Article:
A new update for Wasteland 3 demonstrates the character building process and announces an E3 presense.
Building Up the Ranger Force
It’s been a while since our last update, and that’s because we’ve been hard at work on Wasteland 3, and getting a lot of the core pieces of the game in-place. As we’ve said before, the game is effectively playable from start to finish—but there’s still a megaton of work left to go. Sure, you can complete quests and navigate most of the areas, but this is the most time-intensive stretch of the project. We have the bones—the skeleton is there—but it’s filling it with all the sinew, cartilage, and guts that really make the Wasteland experience what it is. Things are really shaping up, but the most critical work is just getting started. We’ve been hiring and growing the company, as well as putting a lot of the new Microsoft development resources to good use, and that’s going to help us be able to make Wasteland 3 even bigger and better.
We’ll have development updates to share during E3, so look forward to our next update with more specifics then.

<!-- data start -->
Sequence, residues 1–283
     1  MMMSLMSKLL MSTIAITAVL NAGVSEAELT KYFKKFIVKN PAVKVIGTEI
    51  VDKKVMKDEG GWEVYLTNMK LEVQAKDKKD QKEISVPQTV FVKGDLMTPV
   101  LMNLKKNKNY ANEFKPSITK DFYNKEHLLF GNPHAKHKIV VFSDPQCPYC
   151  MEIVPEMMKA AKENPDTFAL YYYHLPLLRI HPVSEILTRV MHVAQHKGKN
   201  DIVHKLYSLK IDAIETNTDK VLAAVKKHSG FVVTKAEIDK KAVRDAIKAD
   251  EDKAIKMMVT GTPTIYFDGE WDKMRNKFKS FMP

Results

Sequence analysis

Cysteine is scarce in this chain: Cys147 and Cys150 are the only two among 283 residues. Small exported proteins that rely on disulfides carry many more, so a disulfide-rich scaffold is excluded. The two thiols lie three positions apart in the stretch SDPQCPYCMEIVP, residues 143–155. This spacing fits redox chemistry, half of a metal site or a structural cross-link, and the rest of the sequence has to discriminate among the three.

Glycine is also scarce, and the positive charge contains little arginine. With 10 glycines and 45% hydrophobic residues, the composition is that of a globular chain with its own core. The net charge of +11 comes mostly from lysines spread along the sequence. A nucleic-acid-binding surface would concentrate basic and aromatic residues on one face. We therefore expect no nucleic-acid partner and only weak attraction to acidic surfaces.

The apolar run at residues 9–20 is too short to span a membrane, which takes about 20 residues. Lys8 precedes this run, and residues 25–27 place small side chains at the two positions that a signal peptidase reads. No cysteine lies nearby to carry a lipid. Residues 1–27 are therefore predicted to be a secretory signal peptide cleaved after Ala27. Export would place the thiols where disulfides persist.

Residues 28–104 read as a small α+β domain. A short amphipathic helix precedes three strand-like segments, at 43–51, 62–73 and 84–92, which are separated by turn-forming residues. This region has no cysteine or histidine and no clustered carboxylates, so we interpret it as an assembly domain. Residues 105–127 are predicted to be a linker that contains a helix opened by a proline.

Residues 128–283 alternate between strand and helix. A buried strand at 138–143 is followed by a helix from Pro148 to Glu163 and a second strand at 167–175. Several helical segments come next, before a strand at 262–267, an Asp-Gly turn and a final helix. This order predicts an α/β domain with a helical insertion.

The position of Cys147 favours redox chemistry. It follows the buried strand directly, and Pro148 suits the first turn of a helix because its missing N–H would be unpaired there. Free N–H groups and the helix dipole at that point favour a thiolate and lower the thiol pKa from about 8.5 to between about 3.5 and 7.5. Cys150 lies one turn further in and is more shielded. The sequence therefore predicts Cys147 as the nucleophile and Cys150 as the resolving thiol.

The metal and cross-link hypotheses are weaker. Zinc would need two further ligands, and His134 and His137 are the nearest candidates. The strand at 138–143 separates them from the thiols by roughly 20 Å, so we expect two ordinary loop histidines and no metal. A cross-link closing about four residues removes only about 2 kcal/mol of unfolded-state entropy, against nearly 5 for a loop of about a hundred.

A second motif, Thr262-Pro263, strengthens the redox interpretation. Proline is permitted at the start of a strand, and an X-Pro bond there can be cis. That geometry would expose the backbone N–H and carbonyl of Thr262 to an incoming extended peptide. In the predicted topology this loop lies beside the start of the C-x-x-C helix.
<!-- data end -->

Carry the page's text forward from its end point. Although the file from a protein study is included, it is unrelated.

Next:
Face to Face in the Wasteland
As you saw in our Fig campaign launch trailer, Wasteland 3 is the first game in the series to feature a cinematic conversation system. It gets you up close and personal with the big story characters you’ll encounter in Colorado, and one of those is MacTavish. He’s a coarse, blustering mechanic in Colorado Springs, who wears a luchador mask because . . . well . . . you’ll have to wait and see.
In this update we wanted to share some of the process that’s going into bringing this character to life. First it starts with a character pitch or write-up, and from those largely text-based descriptions the artists work up concepts and shape studies to hone on in a final look and design for the character’s appearance and style. In an effort to not spoil too much we’ll skip ahead a bit to his final concept piece.
Once we have a concept done we’ll move on to a high-poly model like this one, which we’ll break down into the pieces that will help give it a high quality appearance in-game, but without requiring a super-computer to render. After that comes mocap, and then the voice recording we’ve done is married to that with final animations.
This is a look at his masked face model, which isn’t too far from what you’ll see in-game. We’ll have more to share on MacTavish in the future, as well as the creative process for bringing some of our other characters to life.